Talking to Your Healthcare Team
IBD-related symptoms can cause disruptions of activities and have an ongoing impact on daily activities, including dietary restrictions, lifestyle changes, and maintaining close proximity to a bathroom. These may interfere with work, school, parenting, social and leisure activities, relationships, and emotional well-being. Therefore it is very important you address the emotional impact of your disease with your doctor.
Tips for bringing up concerns with your doctor:
Before the appointment
- Write down your symptoms and questions
- If you have a difficult time bringing emotional questions up during clinic visit, send your concerns through patient portal (eg: MyChart) or by email prior to your appointment
- Find information from trustworthy sources that might help explain what you are going through and bring it to your doctor appointment
- If it is helpful, take a relative or friend to the appointment
During the appointment with your doctor
- Explain your symptoms, previous history of any emotional /psychological problems, and any medications you may have used in the past
- Ask questions to make sure you understand what your doctor is telling you
- Let your doctor know if you are worried about following up with a psychologist or any other mental health provider
- Request any additional information or resources
- Written instructions
- Phone apps
After the clinic visit
- Always follow your doctor's instructions
- Make appointment to see the psychologist / mental health provider immediately
- If you have trouble with making the appointment, reach out to your doctor's office for more information or assistance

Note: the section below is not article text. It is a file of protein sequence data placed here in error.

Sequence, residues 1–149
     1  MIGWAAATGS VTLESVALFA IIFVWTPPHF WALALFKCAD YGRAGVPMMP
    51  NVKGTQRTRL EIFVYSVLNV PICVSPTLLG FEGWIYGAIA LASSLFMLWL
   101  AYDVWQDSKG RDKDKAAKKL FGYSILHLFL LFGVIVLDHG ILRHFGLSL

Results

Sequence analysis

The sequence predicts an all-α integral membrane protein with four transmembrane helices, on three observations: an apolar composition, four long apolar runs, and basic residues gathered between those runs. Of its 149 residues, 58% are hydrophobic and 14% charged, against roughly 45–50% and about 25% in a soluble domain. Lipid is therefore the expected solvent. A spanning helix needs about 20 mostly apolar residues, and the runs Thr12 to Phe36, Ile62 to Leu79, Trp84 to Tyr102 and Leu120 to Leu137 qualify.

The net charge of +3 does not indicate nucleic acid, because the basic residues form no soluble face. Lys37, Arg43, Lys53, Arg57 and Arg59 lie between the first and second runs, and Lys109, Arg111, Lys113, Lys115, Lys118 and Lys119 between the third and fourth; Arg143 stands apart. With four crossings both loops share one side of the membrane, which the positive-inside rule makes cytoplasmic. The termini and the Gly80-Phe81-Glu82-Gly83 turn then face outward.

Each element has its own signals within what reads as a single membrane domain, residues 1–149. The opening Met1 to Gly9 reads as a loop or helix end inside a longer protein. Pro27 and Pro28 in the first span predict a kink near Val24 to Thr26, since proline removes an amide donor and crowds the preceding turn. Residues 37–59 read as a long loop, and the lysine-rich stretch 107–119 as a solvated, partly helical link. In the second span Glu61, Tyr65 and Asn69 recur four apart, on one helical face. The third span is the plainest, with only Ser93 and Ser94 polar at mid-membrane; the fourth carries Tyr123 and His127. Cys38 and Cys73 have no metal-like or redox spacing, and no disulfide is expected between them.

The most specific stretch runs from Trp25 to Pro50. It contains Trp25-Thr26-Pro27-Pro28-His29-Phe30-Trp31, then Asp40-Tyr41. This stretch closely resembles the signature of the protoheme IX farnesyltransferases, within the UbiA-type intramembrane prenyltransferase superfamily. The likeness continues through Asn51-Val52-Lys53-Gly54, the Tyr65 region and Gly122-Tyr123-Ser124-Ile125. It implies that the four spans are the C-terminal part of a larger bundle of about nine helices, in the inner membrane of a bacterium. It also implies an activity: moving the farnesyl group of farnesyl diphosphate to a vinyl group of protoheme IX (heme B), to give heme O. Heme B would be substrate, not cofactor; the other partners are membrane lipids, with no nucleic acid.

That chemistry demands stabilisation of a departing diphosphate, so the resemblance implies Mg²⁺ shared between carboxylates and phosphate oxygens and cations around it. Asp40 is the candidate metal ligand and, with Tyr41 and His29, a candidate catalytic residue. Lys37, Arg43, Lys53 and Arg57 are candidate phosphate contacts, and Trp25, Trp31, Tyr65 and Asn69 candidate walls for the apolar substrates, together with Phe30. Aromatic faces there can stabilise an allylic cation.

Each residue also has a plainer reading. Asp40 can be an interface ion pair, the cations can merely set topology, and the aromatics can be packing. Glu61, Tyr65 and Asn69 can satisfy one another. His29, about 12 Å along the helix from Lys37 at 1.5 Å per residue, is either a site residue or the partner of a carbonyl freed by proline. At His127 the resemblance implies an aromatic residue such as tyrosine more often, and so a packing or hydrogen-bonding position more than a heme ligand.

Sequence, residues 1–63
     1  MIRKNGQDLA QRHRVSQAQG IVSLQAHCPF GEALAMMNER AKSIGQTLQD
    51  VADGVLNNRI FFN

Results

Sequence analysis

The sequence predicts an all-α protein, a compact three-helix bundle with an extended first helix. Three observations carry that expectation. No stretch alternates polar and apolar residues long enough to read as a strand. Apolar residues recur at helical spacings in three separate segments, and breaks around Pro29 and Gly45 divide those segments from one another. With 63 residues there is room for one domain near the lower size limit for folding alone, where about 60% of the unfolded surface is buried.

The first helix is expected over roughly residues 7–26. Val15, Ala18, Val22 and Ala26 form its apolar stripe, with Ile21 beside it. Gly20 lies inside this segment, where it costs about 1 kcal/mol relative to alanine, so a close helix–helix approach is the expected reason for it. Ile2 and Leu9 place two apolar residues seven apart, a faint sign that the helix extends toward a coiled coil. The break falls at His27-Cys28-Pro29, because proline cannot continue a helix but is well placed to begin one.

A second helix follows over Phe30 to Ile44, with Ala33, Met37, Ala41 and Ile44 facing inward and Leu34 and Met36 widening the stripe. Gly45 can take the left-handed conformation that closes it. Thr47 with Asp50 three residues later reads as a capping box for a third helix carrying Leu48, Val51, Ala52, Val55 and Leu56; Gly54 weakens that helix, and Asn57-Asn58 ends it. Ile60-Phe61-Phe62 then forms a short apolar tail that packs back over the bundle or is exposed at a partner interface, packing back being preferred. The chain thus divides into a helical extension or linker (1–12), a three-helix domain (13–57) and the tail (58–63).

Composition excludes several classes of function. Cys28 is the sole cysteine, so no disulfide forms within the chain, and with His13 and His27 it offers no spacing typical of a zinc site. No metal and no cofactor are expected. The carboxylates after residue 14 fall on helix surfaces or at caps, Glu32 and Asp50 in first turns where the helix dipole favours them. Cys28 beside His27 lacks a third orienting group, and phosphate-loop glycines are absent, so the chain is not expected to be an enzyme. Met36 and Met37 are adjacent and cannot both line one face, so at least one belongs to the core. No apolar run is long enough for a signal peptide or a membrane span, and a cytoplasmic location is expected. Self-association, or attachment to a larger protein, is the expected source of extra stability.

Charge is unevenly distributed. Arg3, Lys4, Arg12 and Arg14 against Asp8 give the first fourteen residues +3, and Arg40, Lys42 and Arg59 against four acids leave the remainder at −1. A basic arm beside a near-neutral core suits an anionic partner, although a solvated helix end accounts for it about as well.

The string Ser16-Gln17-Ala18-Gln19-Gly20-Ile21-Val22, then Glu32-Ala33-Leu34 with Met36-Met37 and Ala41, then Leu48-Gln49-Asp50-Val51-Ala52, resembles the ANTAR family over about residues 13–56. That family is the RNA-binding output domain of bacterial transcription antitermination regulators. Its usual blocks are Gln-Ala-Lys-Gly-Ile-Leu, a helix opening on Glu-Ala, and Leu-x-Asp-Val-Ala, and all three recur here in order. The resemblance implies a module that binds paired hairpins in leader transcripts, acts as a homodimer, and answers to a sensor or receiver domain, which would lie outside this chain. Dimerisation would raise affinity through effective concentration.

What to expect with a mental health therapist
A mental health therapist, much like your gastrenterologist, must be a good fit for your needs. This requires a relationship with your thereapist that is based on trust and level of comfort. The best way to begin establishing this trust and comfort is to understand when it is time to consider a mental health therapist, and ensure you ask them questions before a scheduled session begins.
Questions to ask a mental health therapist before your first session
- What is your treatment approach?
- Do you accept insurance?
- How many patients have you seen with inflammatory bowel diseases?
- Do you have any specialty training in chronic illness?
- How long does your typical patient work with you?
- How will you coordinate care with my gastroenterologist, or healthcare team?
- How often will you talk to them and what will you talk to them about?
The first visit with a mental health therapist is a consultation that is focused on your experiences with IBD. The therapist may want to understand the ways in which IBD affects your daily life, and conversely, how your daily life may also affect your disease. Many sessions with a mental health therapist are short-term and can typically last for 6-8 months but can be longer if needed. This is to ensure that people with IBD are able to take the coping strategies they have learned and apply them to their disease management plan. After treatments are complete, patients are welcomed to return for booster sessions with their therapist to fill in any gaps they may be experiencing.
Effective therapy allows patients to practice the coping strategies learned in between visits. Mental health therapists may provide assignments to reinforce what is discussed during the visits.